Great Nebraska

Naturalists and Scientists

Nebraska Ornithologists’ Union

Letters, 1918, October

1918, Oct. 1

October 1, 1918

Prof. C. W. Pugsley,
Editor, The Nebraska Farmer,

My dear Pugsley:
I am in receipt of your letter of September 26 advising me that some farmers in western Nebraska are asking if it would be possible to create sufficient sentiment favoring the protection of prairie chickens and quail that the Legislature would pass laws at the next session to prohibit the further killing of these birds for sport or food. You ask me to write you my views on this matter at some length, and this I will be very glad to do.

First, as to the quail or bob-white. Fortunately, the existing Nebraska law allows no open season on these birds, but the season has been closed and again re-opened in this state so frequently that there is no certainty as to how long this protection will continue without a persistently active sentiment in its favor. To illustrate, the Legislature of 1901 set the open season for quail as November 1 to December 1, but protected it until November 1, 1903; the Legislature of 1903 allowed this protected period to lapse and gave an open season for the month of November; the Legislature of 1905 reduced the open season to November 15 to December 1, and this was continued by the Legislature of 1907; the Legislature of 1909 again closed the open season and gave the birds full protection; the Legislature of 1911 gave an open season of two weeks in November (November 1 to 16), and this was continued by the Legislatures of 1913 and 1915; finally, the last Legislature again closed the open season, and at the present time the quail is under the protection of the law the year around. In view of the above, however, I am not surprised that your correspondents believed that an open season on quail existed.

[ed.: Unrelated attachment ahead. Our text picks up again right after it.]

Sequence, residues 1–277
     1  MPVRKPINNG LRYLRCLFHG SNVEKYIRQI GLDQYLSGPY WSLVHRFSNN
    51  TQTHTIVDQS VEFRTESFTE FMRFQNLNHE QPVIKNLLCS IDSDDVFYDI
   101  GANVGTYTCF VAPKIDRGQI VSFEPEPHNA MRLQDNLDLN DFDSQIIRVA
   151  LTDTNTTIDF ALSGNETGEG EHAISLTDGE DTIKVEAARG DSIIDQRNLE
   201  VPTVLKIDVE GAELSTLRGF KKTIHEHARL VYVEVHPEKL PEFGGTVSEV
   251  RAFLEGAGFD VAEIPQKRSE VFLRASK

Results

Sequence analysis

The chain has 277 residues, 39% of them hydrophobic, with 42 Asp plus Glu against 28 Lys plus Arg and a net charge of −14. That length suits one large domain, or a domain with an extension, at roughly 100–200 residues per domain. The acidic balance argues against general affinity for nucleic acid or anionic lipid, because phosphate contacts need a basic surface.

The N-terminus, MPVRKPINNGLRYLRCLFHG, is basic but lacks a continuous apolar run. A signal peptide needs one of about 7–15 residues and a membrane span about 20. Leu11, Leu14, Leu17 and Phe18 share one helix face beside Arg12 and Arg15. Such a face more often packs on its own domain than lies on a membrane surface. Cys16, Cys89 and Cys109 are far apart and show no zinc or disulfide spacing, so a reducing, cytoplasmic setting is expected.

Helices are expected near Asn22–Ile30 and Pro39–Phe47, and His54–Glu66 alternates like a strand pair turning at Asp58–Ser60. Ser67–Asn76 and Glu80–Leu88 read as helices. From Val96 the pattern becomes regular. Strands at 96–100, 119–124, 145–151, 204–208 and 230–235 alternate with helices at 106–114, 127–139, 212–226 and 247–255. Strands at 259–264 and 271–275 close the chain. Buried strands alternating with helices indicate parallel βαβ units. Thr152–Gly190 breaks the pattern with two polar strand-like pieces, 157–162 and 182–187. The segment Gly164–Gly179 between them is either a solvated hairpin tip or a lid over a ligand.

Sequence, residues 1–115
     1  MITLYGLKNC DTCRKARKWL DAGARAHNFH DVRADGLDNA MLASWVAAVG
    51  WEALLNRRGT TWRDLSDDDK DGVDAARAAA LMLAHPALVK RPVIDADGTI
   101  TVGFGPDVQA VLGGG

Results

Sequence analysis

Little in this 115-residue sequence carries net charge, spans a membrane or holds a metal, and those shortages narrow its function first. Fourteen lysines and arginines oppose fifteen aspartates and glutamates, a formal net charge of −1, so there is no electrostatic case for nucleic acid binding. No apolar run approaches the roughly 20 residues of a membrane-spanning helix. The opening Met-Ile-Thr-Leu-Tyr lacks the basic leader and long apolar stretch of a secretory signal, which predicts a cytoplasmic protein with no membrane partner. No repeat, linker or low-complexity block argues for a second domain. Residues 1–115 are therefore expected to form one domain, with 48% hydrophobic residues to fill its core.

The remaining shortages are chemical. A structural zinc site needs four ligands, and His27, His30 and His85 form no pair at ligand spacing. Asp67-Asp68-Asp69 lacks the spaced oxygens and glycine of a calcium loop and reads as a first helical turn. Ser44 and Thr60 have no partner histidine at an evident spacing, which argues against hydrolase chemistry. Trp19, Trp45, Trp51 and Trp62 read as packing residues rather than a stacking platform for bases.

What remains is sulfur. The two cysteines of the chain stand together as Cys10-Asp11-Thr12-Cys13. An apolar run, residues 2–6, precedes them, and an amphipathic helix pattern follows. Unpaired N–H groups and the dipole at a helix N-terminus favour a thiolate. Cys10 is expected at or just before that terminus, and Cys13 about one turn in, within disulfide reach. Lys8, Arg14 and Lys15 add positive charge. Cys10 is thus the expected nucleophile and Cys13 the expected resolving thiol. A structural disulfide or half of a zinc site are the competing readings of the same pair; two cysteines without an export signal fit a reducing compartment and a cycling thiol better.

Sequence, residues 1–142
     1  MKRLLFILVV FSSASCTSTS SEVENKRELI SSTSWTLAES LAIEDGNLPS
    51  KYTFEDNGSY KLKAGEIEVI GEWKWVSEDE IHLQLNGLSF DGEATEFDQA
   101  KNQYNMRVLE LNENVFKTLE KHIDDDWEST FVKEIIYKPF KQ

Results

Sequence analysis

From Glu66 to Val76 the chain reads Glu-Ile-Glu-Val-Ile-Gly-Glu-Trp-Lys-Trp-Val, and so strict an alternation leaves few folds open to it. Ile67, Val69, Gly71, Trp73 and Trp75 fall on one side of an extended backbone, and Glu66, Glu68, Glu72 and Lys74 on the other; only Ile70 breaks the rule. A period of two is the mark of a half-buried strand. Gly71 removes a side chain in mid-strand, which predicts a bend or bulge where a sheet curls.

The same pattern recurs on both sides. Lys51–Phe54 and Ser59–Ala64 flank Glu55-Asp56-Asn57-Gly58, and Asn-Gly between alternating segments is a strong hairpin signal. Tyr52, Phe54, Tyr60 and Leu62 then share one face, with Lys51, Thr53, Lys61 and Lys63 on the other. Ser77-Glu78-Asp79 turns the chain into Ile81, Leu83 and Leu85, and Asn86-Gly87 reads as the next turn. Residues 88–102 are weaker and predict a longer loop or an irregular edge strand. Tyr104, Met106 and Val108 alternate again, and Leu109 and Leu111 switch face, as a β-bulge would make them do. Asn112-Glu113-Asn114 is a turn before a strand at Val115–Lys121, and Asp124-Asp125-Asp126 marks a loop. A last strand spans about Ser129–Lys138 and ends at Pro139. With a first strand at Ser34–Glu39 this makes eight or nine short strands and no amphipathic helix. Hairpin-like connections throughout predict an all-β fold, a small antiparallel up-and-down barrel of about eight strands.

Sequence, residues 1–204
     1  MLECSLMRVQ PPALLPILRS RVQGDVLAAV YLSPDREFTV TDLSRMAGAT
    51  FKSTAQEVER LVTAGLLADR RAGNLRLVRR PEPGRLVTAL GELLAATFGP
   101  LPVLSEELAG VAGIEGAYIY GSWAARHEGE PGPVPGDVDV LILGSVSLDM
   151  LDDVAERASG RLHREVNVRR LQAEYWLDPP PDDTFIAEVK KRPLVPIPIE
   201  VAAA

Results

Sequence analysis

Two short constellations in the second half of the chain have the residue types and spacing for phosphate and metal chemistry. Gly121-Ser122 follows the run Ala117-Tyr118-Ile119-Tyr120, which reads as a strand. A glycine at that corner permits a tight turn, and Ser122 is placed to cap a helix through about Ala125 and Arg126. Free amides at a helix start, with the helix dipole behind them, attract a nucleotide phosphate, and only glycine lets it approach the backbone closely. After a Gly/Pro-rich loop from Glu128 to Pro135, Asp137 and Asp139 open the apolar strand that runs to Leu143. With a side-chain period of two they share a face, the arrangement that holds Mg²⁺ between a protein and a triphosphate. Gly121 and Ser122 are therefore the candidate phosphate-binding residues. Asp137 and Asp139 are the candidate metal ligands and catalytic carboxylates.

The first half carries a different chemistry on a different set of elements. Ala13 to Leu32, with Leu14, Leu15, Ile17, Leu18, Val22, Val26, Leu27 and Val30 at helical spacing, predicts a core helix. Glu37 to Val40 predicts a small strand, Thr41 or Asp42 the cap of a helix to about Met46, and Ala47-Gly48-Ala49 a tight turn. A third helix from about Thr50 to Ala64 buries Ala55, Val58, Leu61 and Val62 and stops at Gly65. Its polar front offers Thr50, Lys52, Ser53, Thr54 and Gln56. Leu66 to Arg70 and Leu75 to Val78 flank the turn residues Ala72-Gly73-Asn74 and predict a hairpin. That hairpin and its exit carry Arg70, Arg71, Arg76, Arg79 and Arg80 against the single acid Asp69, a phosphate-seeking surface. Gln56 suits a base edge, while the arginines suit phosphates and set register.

I am strongly of the belief that the present protection on the quail or bob-white should never be removed, for no more valuable bird, from an economic standpoint is to be found in the state. This bird eats insects the year around, and they form over 15% of its entire food. During the summer months over one-third of the food of the quail is insects, most of them of notoriously injurious kinds. For instance, during a chinch outbreak in Nebraska a number of years ago we found the quails feeding on this unsavory insect, which most other birds avoided, to a remarkable extent, and one quail stomach examined contained more than 500 of these bugs, representing a single meal. Another injurious insect which very few birds will eat is the common Colorado potato beetle, yet from 75 of over 100 of these insects have been found repeatedly in the distended crop of a quail, and it is a well known fact that where these birds have nested about potato fields that spraying has rarely been necessary. During the